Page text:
In another experiment, because we were concerned that the first screen was too stringent, pGB-ruvAB plasmids extracted from mutD5 clones were also introduced in a dnaEts recBCts lexAind ruvA mutant. By preventing SOS induction, the lexAind mutation improves the viability of the dnaEts mutant at semi-permissive temperature (Grompone et al., 2002). Actually, more transformants were obtained in the lexAind context than in the LexA+dnaEts recBCts ruvA mutant (ratio of transformants at 37°C versus 30°C of about 5 × 10−3 instead of 10−4). These transformants were pooled for plasmid extractions and a genetic test that allows a direct selection of Rec+ plasmids was used to identify such plasmids in these extracts. The dnaNts ruvAB mutant, impaired for the Pol III clamp, is killed at semi-permissive temperature by unresolved RecFOR-dependent recombination events. Plasmids extracted at 37°C from 12 pools of dnaEts recB ruvA lexAind [pGB-ruvAB] transformants were introduced into the dnaNts ruvAB mutant at 37°C. Only one pool of plasmids, and only one plasmid in this pool, yielded dnaNts ruvAB clones able to propagate at 37°C, suggesting that the lexAind context provided a lot of fully inactivated ruvAB mutants. The only plasmid that allowed growth of dnaNts ruvAB cells at 37°C also suppressed the UV sensitivity of a ruvAB mutant. The ruvA and ruvB genes on this Rec+ plasmid were sequenced, showing a mutation in ruvA (I89N, Figs 2 and and3B3B).
In order to ascertain that the ruvA and ruvB mutant alleles that do not kill a dnaEts recBCts ruvAB mutant at 37°C are indeed deficient for RFR, the purified pGB-ruv(AB)m plasmids were re-introduced in the dnaEts recBCts ruvAB mutant and fork breakage was measured by pulse field gel electrophoresis [PFGE, pGB-ruv(AB)m stands for the seven pGB-ruvAB plasmids with a mutation in ruvA, ruvB or both]. Briefly, the chromosomes were labelled by growing cells in 3H-Thy-containing medium; cells were lysed in agarose plugs and run on pulse field gel (PFG). As only the linear DNA can enter PFG, the proportion of linear DNA in vivo was calculated as the ratio of DNA that enters gels versus total DNA in each migration lane. A high proportion of linear DNA is observed with dnaEts recBCts cells, owing to RuvAB-catalysed RFR and RuvABC resolution of the resulting HJ (60%, Grompone et al., 2002). The proportion of linear DNA is strongly decreased by ruvAB inactivation, which prevents fork reversal in the dnaEts mutant (10%, Grompone et al., 2002; Table 1). Introduction of wild-type ruvAB genes on pGB-ruvAB plasmid restores a high level of fork breakage, and introduction of the different pGB-ruv(AB)m alleles leads to variable levels of fork breakage (Table 1). The ruvB-P111L mutant was clearly capable of fork reversal and was not studied further (70% fork breakage, data not shown). Two ruvB mutations (ruvB-A22V and ruvB-A250T) and one ruvA mutation (ruvA-V28G) affected RFR partially (40–45% linear DNA). RFR was strongly decreased by the ruvB-Y184H mutation (23% linear DNA) and completely abolished by the ruvA-I89N and the ruvB-P220S mutations (about 10% linear DNA). Interestingly, the presence of the ruvA-T120N mutation restored fork breakage when combined with ruvB-P220S. This double mutant was obtained independently from the ruvB-P220S single mutant, raising the possibility that this ruvB mutation aroused twice independently and was, in one case, later compensated by the ruvA-T120N mutation.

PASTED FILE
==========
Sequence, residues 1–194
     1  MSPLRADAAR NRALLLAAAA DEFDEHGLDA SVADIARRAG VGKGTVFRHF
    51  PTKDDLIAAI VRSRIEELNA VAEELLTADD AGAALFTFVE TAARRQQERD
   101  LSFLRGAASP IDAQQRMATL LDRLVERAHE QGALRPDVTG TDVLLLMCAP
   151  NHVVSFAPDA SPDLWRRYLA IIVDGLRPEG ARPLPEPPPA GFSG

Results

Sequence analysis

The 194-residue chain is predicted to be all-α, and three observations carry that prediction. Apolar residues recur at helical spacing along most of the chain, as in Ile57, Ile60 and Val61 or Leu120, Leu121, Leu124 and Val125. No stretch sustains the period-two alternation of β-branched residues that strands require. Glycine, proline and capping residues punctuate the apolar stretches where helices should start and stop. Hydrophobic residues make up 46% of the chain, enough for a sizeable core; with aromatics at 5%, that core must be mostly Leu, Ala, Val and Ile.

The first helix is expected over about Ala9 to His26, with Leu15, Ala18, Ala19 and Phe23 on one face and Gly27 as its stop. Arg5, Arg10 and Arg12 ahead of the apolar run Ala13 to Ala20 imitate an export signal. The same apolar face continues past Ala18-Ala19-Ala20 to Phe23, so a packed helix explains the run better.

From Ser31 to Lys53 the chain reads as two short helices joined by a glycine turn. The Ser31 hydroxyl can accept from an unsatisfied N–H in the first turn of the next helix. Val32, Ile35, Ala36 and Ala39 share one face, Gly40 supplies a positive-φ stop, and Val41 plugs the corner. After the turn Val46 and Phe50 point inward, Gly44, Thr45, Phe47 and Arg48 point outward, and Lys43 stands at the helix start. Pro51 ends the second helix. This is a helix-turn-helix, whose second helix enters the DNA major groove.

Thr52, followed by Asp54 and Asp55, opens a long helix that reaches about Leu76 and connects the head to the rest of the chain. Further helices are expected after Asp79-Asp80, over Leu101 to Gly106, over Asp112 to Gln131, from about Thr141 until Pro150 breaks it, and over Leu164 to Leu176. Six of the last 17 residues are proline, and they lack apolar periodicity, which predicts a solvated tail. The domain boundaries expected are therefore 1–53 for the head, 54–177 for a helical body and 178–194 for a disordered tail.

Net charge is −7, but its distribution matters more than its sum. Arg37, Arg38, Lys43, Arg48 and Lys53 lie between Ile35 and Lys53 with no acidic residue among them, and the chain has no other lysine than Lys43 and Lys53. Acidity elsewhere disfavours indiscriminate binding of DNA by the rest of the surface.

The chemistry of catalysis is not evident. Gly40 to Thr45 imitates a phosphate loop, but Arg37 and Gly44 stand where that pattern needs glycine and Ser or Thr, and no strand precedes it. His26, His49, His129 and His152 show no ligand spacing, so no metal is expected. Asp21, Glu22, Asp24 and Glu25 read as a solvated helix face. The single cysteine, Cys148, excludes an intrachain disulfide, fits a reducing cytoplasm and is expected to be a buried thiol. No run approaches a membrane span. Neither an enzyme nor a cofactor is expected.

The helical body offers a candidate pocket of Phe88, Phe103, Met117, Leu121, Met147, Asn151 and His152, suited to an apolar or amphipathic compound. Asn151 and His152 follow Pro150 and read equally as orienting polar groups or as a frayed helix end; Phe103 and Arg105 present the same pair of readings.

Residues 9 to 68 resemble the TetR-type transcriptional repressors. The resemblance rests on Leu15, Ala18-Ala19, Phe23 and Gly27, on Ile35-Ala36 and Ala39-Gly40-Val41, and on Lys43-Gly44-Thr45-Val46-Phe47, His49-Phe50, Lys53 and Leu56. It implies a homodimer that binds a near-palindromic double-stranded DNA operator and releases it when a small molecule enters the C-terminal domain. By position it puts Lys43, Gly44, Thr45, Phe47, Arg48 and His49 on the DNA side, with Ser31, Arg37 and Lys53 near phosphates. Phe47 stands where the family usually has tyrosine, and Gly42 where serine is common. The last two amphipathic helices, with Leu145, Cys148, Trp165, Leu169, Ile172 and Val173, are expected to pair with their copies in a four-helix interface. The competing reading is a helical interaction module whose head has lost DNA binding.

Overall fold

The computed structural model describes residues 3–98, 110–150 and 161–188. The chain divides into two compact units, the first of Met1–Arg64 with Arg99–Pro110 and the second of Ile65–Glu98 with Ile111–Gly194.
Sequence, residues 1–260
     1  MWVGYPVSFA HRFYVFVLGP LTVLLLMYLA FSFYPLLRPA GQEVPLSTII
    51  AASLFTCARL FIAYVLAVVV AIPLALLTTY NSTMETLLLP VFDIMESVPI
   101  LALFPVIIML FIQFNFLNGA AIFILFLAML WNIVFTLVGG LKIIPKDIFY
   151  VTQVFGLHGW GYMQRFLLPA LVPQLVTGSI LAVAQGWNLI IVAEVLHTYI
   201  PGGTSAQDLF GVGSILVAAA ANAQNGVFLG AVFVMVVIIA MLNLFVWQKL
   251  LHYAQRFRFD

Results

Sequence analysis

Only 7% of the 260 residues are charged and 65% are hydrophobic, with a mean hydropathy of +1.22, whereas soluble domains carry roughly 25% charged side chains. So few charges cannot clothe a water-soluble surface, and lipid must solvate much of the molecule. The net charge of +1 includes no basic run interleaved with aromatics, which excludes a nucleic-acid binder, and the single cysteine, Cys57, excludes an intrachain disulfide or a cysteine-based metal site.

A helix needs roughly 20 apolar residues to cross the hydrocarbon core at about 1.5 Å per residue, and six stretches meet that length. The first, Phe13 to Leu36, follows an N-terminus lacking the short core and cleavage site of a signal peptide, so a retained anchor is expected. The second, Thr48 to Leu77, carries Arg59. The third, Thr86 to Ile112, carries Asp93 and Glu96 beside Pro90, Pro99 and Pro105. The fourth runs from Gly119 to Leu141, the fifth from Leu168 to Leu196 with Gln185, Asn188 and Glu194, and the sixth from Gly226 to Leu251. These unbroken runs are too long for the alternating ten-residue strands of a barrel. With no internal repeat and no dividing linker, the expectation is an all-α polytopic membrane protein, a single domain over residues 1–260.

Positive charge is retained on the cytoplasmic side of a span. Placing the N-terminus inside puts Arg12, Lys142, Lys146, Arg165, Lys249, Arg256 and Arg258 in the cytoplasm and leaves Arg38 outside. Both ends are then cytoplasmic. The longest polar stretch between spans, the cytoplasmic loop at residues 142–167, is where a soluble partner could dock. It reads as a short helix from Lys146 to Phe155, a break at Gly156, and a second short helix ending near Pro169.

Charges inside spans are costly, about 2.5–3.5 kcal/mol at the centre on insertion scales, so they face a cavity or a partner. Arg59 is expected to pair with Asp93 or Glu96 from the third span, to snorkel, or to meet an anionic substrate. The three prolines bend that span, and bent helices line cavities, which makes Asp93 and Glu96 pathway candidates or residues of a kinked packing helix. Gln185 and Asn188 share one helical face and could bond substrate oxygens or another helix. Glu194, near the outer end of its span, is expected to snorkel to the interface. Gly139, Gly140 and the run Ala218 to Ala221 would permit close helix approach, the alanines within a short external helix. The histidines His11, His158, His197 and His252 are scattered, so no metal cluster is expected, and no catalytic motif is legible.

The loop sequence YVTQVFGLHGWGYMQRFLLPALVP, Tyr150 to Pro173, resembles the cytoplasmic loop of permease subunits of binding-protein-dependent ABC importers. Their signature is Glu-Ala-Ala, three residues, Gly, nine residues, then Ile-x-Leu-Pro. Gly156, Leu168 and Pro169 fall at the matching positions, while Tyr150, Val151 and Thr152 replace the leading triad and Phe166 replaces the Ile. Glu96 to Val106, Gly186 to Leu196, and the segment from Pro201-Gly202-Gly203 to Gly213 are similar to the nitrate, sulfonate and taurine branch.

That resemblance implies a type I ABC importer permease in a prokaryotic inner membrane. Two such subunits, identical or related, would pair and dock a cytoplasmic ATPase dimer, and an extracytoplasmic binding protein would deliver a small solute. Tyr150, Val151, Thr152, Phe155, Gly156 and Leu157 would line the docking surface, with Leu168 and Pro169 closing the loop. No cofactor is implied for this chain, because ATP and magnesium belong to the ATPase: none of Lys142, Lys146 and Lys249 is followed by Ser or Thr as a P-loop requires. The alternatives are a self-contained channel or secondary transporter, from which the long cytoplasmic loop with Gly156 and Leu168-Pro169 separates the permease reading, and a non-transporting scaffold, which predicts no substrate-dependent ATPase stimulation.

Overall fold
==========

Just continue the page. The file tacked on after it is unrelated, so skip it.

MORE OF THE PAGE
Similarly, fork breakage was measured in dnaEts recBCts ruvA100 cells carrying pGB-ruvAm mutant plasmids. For both pGB-ruvAm mutants, RFR remained strongly decreased, although not fully abolished (27–31% fork breakage, Table 1). ruvA and ruvB genes form an operon, with ruvB downstream of ruvA. ruvB expression is prevented by the ruvA60::Tn10 mutation used here (called here ruvAB, it is not complemented by the expression of ruvA only, data not shown), whereas the CmR insertion in the ruvA100 allele affects but does not prevent the expression of the downstream ruvB gene (called here ruvA, it is complemented by the expression of ruvA only, Baharoglu et al., 2008). The two ruvA dissociation-of-function mutants previously characterized (N79D N100D and H29R K129E F140S) affect RuvA–RuvB interactions in vitro, and were only deficient when ruvB was expressed downstream of the ruvA100 allele, as they became proficient for RFR when ruvB was coexpressed with the ruvA mutant allele, from the plasmid or from the chromosome (Baharoglu et al., 2008). In order to test whether coexpression of ruvB suppresses the RFR defect of ruvA-V164I and ruvA-P114S mutants, these ruvA mutations were introduced by site-directed mutagenesis on the pGB-ruvAB plasmid. Fork breakage in dnaEts recB ruvAB cells was shown to be restored to a high level in the presence of the pGB-ruvAm-ruvB+ plasmids (Table 1). This result indicates that the two RFR-deficient ruvA mutants isolated on a plasmid that does not carry ruvB become capable of RFR if the level of RuvB protein is increased.